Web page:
A part of Chennai, Mylapore pre-dates Chennai as a settlement and is considered by many to be the original place which eventually grew and become Chennai. Also known as Thirumayilai, Mylapore was originally a temple centre which included the Kapaleeshwarar Temple. Mylapore means ‘the land of the peacock screams’ and it is known that this area had a sizeable population of the bird before commercialization and modernization either wiped out the population or scared them away from here.
Mylapore was annexed by the Portuguese in 1532, which later in 1662 lost it to the French. However, the Portuguese rallied and took back Mylapore from the French in 1687. Eventually becoming part of British India, Mylapore was a thriving centre of commercial and intellectual society. By then the collective area was known as Madras. Such was the impact of its vibrant culture that Marco Polo and Ptolemy have also written detailed accounts of the place. Birthplace of the well known and revered Tamil seer, Sage Thiruvalluvar, there is a temple dedicated to him in Chennai. There is also the belief in a large part of the Christian community that St. Thomas was buried in Mylapore before his remains were exhumed and moved to Mesopotamia. The San Thome Basilica marks the spot where the saint was buried and an underground crypt is where his tomb originally was. Although much of the old Mylapore no longer exists, a careful exploration will still bring you face to face with the different eras that this place went through to become the huge bustling commercial city of Chennai.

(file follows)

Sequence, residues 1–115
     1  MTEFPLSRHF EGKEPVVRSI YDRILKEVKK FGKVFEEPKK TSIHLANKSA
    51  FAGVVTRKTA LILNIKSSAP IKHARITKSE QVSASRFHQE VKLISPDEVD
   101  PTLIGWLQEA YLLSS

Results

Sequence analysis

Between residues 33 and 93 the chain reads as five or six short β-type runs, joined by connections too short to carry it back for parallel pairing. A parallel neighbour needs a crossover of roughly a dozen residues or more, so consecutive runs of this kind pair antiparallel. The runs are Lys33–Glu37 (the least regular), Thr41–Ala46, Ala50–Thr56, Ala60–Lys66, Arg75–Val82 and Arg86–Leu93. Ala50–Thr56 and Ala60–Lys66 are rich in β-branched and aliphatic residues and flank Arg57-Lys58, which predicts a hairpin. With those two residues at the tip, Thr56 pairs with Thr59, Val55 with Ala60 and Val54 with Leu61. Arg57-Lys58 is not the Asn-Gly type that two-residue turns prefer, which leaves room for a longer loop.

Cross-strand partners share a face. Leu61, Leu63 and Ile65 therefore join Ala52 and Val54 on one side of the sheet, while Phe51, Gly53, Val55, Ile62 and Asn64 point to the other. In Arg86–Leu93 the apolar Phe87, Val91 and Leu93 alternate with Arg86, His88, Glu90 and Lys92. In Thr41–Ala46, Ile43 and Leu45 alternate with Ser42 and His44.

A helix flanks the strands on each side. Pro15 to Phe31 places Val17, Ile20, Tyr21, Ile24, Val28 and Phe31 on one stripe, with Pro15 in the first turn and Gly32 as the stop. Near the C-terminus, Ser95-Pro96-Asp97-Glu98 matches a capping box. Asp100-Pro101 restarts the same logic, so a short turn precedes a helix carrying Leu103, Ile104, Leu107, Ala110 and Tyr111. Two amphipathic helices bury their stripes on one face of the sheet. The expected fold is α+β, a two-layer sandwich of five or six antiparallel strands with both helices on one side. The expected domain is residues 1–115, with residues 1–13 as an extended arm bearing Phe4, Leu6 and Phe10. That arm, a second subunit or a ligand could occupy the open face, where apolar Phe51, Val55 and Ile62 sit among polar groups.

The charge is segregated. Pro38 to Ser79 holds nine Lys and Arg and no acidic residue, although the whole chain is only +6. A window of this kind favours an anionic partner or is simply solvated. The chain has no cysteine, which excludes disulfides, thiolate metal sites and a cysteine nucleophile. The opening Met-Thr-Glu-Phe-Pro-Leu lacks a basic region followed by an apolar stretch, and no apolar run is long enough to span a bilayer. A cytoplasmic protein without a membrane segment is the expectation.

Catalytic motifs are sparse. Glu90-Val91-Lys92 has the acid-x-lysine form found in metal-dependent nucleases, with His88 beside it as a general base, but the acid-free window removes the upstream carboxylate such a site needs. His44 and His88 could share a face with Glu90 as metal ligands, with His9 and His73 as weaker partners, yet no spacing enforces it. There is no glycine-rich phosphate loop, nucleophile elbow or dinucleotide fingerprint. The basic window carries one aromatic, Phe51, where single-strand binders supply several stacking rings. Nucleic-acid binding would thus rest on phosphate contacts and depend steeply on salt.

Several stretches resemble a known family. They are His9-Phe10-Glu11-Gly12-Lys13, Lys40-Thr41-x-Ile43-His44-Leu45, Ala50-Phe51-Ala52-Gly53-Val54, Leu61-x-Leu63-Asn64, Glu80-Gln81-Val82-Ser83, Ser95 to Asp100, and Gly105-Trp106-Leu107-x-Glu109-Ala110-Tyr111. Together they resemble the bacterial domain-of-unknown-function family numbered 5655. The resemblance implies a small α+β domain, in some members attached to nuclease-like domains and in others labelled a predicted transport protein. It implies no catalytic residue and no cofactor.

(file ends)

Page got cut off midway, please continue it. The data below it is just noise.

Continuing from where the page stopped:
|Visit Duration||6 to 7 hours|